Importance of phenotypic plastic traits on invasion success: response of Xenostrobus securis to the predatory dogwhelk Nucella lapillus

JMF Babarro, E Vázquez, C Olabarria
2016 Marine Ecology Progress Series  
28 The ability of the invasive mussel Xenostrobus securis to activate defence mechanisms in response to the 29 novel predatory dogwhelk Nucella lapillus was explored using field and laboratory-based approaches. The 30 importance of the origin of mussels was investigated in relation to different environmental conditions and 31 levels of predation pressure (high and low). In the field, the responses of mussels were clearly asymmetrical, 32 as only individuals caged with dogwhelks at the site of
more » ... gh predation risk underwent phenotypical changes 33 (stronger attachment, thicker shells and heavier adductor muscle). By contrast, shell growth was faster in 34 mussels held in cages without dogwhelks at the high predation risk site, suggesting trade-off patterns 35 between growth and other energy-demanding actions. Nevertheless, X. securis activated inducible 36 morphological defences without any detrimental effect on soft tissue growth (i.e. condition index). 37 In the laboratory, the role of temperature on phenotypic responses of mussels exposed to dogwhelk was also 38 evaluated. Mussels originally from the site of low predation risk showed a weaker response to the predator N. 39 lapillus probably because of difficulties in correctly identifying predator cues. At higher temperatures, 40 mussels secreted stronger byssal threads regardless of their origin, while condition was poorer, shells thinner 41 and gametogenesis activated more rapidly, particularly in presence of dogwhelks. In summary, X. securis 42 appears to be highly capable of activating protective mechanisms in marine environments within its 43 geographical range of expansion through improved fitness. 44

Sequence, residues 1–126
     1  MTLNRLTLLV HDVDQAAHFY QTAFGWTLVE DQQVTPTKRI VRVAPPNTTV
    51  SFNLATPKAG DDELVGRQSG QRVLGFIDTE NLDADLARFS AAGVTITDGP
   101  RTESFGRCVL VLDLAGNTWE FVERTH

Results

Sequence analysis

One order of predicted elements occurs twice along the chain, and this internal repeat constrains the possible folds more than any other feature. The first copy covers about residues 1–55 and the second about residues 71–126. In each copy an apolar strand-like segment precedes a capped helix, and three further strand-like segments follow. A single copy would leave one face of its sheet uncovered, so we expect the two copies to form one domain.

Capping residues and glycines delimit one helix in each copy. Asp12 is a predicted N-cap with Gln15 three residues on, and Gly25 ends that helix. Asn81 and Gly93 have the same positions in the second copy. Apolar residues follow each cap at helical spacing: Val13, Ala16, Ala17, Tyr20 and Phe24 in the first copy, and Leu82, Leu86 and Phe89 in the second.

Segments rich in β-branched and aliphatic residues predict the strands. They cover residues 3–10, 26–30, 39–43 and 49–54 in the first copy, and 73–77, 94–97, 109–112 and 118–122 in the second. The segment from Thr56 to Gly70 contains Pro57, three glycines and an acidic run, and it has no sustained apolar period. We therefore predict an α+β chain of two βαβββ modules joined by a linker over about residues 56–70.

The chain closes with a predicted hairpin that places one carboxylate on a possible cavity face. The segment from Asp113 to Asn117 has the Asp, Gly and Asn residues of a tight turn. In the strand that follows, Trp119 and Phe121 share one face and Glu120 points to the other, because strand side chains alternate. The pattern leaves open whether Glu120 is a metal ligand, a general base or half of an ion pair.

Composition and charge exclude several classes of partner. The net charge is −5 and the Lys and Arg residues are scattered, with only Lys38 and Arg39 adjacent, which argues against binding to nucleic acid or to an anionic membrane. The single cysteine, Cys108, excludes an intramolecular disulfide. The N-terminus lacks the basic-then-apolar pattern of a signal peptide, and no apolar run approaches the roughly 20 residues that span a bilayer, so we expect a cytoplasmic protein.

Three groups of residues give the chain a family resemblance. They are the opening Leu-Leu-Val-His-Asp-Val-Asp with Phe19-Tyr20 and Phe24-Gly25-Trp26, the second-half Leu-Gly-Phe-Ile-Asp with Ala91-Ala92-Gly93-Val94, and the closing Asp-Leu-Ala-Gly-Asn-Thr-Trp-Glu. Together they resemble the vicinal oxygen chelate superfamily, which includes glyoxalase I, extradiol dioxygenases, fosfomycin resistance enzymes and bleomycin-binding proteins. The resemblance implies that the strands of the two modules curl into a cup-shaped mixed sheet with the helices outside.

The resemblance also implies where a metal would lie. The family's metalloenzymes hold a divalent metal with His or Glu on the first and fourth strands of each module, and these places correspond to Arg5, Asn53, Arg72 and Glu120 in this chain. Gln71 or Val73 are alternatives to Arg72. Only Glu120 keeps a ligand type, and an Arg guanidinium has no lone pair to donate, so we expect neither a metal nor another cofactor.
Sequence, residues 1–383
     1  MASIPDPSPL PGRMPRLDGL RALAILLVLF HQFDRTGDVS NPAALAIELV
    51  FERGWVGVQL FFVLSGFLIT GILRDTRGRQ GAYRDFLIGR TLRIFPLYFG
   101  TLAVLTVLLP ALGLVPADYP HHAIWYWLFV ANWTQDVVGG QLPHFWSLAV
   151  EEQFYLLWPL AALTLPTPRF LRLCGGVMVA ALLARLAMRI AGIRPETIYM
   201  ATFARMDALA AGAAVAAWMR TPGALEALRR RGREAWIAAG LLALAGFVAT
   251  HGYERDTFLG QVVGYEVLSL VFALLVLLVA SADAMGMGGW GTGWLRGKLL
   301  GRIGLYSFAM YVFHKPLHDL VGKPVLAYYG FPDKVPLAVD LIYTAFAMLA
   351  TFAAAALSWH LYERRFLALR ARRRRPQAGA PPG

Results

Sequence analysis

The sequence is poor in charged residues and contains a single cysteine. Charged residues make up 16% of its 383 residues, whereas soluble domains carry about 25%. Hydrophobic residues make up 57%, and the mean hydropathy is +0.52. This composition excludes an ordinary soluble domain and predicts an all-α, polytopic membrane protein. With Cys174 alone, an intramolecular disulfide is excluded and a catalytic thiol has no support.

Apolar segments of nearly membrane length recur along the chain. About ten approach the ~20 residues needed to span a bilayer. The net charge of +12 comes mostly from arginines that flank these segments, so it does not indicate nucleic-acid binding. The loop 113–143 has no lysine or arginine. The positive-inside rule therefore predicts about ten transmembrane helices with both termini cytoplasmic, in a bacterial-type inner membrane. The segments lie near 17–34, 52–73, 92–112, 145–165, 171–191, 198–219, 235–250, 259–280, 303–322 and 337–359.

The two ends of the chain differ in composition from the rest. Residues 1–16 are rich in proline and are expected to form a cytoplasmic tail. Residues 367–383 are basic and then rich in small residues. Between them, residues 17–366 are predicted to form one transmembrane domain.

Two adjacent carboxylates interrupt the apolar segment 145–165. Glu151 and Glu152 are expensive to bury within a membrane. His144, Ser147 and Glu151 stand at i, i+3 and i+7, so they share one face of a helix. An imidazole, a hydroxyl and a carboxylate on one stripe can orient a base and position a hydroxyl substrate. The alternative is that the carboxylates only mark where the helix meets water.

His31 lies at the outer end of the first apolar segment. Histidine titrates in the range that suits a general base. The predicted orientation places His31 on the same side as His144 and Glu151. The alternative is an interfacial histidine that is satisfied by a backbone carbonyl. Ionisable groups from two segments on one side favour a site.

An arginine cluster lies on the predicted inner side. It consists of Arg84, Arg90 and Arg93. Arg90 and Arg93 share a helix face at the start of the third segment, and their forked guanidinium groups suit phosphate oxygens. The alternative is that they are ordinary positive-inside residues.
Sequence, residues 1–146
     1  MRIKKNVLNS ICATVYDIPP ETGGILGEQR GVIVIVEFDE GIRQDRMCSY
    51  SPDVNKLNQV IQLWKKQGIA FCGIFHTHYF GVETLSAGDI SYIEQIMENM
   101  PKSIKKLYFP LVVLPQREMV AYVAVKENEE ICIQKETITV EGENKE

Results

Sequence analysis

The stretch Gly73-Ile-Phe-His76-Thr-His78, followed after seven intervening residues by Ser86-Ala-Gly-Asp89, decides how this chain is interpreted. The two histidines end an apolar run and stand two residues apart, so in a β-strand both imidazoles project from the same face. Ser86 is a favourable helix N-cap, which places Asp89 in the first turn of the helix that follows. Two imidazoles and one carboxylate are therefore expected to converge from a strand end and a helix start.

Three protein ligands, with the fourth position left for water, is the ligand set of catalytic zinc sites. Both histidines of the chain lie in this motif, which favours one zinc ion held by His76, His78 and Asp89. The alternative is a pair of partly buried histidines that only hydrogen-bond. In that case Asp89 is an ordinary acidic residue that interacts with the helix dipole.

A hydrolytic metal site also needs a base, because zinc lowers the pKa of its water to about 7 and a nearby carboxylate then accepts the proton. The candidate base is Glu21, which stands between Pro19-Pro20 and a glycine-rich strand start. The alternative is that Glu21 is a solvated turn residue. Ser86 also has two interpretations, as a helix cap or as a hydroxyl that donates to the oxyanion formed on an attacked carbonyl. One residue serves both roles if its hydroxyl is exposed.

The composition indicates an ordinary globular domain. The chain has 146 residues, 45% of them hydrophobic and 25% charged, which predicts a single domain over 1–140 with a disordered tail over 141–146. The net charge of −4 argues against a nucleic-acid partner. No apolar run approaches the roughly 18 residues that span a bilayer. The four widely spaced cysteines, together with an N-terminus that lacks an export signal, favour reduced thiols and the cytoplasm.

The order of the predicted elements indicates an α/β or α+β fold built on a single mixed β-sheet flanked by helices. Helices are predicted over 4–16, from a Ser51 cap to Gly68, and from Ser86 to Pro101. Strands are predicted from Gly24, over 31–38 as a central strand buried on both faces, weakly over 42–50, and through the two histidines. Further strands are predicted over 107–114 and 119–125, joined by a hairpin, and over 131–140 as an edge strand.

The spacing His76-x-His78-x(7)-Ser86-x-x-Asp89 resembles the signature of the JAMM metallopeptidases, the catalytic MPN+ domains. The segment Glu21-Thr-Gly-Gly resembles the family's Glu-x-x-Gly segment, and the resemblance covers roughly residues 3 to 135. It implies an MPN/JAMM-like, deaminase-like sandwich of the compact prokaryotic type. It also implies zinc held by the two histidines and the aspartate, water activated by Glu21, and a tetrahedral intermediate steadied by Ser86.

doi:10.3354/meps11904 fatcat:eayu7zxmbzd45d6apygxaxw5sa